The DLF Star Mall is not an easy mall to do business in. With a handful of shops and shoppers, survival can be tough. Among the few that soldier on here is Sankalp, an outpost of a successful Ahmedabad-based South Indian restaurant chain (which, incidentally, boasts of creating the Guinness World of Records’ certified biggest-ever-dosa).
The interiors of this 120-seater restaurant are not striking. The place is well lit. After consulting Chef Kuldeep, a fair gent from Uttarakhand, I decide to start with the quintessential rasam (Rs. 60). Served in a soup bowl, it looks intense. It is spicy and sour, and has the great texture of grated coconut. While this rasam may not pass muster with the purists, it does make for an exciting start. The onion bhajji sampler is perfect, redolent of the lazy lingering memories of chai-bhajji with friends.
The next dish I order is the humble idli (Rs. 85), a ‘simple’ dish that has been the nemesis of all NCR restaurants that have been brave enough to put it on their menu. None, however, have succeeded in replicating the softness and comfort of the homemade idli; and this restaurant is no exception. The accompanying vada also lacks the crispy fluffiness that makes it so enjoyable. On the positive side though, the slightly grainy texture of the idli is bang-on, the accompanying sambhar is light and flavourful, and the five accompanying chutneys provide an interesting variation to every morsel I eat.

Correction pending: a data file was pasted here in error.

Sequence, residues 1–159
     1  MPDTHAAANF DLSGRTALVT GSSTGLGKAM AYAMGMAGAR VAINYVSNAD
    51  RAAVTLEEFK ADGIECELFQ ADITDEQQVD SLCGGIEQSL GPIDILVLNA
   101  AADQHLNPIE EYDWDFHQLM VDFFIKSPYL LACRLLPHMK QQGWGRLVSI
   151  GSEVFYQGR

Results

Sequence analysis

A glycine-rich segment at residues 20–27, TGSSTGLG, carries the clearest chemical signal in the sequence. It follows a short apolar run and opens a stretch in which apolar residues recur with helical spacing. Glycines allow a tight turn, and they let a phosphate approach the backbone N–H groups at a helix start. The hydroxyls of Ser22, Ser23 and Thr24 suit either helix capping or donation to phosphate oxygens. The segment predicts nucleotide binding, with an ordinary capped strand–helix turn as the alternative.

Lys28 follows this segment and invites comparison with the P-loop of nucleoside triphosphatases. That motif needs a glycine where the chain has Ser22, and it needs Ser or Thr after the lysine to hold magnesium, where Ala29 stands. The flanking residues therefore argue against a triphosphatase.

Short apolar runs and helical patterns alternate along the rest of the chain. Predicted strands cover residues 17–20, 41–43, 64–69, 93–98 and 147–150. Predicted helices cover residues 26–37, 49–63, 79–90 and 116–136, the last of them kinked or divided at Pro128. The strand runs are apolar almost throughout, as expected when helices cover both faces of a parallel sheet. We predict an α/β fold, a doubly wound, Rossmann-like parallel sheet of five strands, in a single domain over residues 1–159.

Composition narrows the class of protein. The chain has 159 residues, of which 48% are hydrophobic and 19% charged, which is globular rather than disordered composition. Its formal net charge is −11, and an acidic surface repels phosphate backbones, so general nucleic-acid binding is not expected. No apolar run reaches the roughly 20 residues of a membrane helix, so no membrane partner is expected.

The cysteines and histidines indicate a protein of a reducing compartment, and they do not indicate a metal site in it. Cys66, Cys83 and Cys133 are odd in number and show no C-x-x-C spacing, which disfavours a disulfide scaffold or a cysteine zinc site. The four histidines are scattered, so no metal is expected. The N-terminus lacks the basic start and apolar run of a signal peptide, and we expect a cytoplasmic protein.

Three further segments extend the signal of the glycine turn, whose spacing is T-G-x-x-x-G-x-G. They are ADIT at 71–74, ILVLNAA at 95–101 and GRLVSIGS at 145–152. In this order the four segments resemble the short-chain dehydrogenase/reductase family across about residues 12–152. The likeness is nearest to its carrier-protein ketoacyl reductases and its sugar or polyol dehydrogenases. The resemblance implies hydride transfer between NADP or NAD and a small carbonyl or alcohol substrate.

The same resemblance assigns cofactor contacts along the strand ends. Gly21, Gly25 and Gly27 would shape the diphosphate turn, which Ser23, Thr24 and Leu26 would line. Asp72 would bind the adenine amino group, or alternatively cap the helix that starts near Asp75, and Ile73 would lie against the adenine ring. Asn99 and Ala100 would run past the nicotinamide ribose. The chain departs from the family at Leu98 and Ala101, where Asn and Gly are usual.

The curiously named three barrel dosa (Rs. 160) has three mini dosas—plain dosa, pudina masala dosa, and Mysore masala dosa. While the plain dosa is good, the others are ordinary. The southern crispy fish fingers (Rs. 275) are a let down.
Things change for the better with the main course though.
The first to arrive is mutton milagu curry (Rs. 275), accompanied by set dosa. Very few restaurants can manage to deliver a well cooked mutton dish. This restaurant does it to perfection. A melt-in-the-mouth mutton, with a peppery yet mild gravy, accompanied by soft set dosa, make for a perfect combination. A bigger surprise is in store with chicken chettinaad (Rs. 275). It is undoubtedly one of the best I have eaten in a long time. The accompanying appam is as it should be – soft in the centre and crisp on the sides. I finish the meal with a perfectly brewed Mysore filter coffee (Rs. 45).
Sankalp is a great option if you want tasty southern delights, especially the curries. I hope and wish it can survive the location, for it is a great addition to the Gurgaon culinary landscape.